This heart-warming win is yet another addition to the successes of the Irish women’s team over the past couple of years. The T20 win last week was not as much of a surprise as was made out to be, considering Ireland’s consistent growth in the format.

  Last December, Ireland, under the inspirational leadership of Joyce, won the World T20 Qualifier in Thailand by defeating Bangladesh in the final. In the World T20 proper earlier this year, they came within 14 runs of defeating Sri Lanka at Mohali. In 2013-14, they beat Pakistan by six wickets at Doha.

  The women’s game has been infused with new vigour following the rise of the T20 format, and the performances of emerging teams are a welcome development. Ireland Women have been steadily improving and the twin wins against South Africa are a further indication of their unquestionable talent.

Match Scorecard 

In Focus – Namibia’s Sunday to remember

  Unheralded Namibia produced one of the greatest shocks in youth cricketing history as they toppled defending champions South Africa by two wickets in a gripping Group A match of the 2016 Under-19 World Cup at Cox’s Bazar.

  Needing nothing less than a win to stay alive in the competition, South Africa crumbled in spectacular fashion after deciding to bat first. Having already dished out an ordinary performance against Bangladesh, their batsmen simply imploded in the face of some disciplined pace bowling from their neighbours.

  18-year-old Fritz Coetzee set the tone by removing the openers in his first two overs itself. This excellent start was enough to galvanise the rest of the pack as the so-called ‘minnows’ refused to remove their feet from the throats of the ‘big boys’.

  Michael van Lingen, another 18-year-old, ripped through the middle order as South Africa fell from a shaky 35/2 to a hopeless 37/6 in just 15 balls. Further sorrow was in store for the champions as they lost two more wickets with barely half the overs finished. The score read a scarcely-believable 60/8 and it could not have been worse.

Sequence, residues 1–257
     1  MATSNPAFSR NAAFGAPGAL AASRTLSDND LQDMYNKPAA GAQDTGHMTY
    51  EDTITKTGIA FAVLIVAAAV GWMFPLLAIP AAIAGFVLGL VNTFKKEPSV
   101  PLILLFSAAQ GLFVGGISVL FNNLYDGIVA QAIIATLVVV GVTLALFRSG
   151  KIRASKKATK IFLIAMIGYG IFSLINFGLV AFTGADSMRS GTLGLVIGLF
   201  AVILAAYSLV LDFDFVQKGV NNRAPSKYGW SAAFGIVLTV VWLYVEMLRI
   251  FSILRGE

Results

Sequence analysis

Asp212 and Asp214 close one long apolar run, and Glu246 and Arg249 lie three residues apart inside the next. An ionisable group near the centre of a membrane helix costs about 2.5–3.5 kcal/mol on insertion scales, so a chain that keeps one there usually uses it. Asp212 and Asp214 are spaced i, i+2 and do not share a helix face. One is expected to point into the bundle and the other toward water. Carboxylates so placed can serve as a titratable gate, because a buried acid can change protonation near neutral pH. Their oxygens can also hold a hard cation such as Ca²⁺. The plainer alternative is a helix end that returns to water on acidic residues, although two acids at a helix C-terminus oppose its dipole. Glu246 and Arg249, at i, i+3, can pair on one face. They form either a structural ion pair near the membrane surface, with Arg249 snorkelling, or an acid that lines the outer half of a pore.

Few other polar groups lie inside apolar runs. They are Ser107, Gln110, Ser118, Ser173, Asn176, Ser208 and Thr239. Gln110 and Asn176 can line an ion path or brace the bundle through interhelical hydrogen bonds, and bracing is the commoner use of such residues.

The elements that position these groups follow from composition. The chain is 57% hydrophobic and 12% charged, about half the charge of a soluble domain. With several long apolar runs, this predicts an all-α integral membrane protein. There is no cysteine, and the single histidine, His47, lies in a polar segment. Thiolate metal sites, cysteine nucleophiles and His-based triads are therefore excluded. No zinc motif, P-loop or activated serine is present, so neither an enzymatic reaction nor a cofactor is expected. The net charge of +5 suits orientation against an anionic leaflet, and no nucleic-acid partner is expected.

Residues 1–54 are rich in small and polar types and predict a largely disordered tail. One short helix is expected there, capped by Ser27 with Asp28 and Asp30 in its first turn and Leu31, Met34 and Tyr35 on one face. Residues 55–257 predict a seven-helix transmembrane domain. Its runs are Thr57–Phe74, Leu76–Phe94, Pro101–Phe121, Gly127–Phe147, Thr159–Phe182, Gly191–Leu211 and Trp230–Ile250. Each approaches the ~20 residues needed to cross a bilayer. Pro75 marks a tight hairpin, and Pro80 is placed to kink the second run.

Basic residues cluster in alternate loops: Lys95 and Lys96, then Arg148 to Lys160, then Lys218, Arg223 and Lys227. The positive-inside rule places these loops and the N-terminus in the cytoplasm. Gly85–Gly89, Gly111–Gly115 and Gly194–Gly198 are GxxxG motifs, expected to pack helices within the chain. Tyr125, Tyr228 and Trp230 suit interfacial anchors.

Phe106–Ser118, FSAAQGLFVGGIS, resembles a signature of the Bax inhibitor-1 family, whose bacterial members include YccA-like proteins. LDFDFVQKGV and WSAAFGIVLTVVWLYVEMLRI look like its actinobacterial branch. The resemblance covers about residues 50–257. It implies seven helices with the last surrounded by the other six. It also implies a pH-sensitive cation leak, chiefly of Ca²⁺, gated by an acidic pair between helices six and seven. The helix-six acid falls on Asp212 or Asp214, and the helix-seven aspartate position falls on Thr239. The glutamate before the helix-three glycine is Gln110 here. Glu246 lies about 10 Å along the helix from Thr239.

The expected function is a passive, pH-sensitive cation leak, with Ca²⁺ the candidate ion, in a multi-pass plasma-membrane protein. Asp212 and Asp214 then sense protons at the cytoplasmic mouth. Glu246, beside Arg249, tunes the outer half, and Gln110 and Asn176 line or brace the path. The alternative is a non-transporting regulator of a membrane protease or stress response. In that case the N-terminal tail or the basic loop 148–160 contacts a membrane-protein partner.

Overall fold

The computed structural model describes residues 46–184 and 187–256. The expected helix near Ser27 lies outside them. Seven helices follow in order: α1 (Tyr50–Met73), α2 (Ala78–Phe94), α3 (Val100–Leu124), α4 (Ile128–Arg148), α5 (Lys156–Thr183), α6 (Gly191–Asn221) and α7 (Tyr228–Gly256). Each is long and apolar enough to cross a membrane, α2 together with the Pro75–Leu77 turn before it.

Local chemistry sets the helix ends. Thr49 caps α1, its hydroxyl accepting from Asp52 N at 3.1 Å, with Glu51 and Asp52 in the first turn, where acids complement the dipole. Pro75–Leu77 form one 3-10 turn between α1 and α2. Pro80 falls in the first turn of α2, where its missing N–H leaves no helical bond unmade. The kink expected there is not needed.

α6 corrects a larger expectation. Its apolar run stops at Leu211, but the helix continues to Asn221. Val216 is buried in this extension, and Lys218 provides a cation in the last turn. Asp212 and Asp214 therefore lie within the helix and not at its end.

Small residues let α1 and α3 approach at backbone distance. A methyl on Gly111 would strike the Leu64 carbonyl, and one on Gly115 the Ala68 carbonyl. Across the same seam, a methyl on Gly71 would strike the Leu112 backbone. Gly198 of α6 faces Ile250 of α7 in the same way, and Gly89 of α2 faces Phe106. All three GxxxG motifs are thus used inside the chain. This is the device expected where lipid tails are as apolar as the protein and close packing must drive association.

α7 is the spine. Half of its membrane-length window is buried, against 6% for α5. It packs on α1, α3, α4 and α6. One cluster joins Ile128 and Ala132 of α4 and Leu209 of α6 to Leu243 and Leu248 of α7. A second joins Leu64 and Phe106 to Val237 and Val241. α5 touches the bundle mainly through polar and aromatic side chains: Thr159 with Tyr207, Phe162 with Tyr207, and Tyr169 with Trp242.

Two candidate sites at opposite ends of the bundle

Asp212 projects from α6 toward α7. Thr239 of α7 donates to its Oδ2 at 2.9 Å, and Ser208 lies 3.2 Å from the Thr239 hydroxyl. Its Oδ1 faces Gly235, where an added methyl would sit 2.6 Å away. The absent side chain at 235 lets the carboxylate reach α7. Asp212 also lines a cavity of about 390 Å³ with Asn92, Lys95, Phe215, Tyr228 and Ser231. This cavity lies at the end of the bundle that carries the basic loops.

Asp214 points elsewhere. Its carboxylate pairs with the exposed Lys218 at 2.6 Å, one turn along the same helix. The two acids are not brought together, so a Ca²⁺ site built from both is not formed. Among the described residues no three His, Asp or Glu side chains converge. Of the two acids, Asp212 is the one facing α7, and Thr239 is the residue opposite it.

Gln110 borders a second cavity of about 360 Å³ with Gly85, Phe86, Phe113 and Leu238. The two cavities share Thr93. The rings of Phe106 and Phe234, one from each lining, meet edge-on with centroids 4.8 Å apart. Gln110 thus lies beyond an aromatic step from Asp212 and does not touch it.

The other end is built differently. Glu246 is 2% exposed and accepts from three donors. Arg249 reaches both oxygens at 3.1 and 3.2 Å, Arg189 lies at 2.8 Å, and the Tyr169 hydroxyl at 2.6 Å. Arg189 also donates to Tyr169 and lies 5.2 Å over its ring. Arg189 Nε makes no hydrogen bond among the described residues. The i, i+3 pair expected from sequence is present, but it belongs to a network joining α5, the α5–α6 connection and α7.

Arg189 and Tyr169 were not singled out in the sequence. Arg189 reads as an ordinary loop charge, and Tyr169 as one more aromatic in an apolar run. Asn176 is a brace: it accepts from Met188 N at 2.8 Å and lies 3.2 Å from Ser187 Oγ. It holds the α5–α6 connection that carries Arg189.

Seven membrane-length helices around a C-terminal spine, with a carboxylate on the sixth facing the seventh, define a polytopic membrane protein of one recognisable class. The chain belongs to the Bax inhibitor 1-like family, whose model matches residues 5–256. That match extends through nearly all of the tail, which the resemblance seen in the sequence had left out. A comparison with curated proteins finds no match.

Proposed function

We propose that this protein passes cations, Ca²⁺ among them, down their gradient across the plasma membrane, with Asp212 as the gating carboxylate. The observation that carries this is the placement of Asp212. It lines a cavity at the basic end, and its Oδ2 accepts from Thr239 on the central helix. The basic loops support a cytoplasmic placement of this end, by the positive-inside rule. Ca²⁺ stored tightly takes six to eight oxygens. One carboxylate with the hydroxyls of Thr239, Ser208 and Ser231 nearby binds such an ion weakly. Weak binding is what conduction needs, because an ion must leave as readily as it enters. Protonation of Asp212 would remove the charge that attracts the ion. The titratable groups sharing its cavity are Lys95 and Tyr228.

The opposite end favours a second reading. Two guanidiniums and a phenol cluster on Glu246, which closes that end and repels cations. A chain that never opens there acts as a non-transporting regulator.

Willem Ludick attempted a revival with a patient 42 from number eight, but the final total of 136/9 in their allotted 50 overs was far from convincing. Van Lingen (4/24) and Coetzee (3/31) shared seven victims between them while 19-year-old captain Zane Green had a sublime outing, pouching five catches behind the wicket.

  The bowlers had done their job, now all the batsmen had to do was hold their nerves and see their side to a famous win. However, it was not going to be easy as the bruised Proteas struck first blood, removing both openers to have the score at 10/2. In walked Lohan Louwrens, all of 16 years old.

  Louwrens’ maturity belied his years as he built a highly creditable innings under pressure. Undeterred by the wickets falling around him, he set his sights on achieving the modest target. At 74/5, the contest could have gone either way but Louwrens found an able partner in Charl Brits.

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      The Namibia Under-19 team rejoice after beating South Africa in their crucial group match of the Under-19 World Cup (source – daily-sun.com/habibur rob)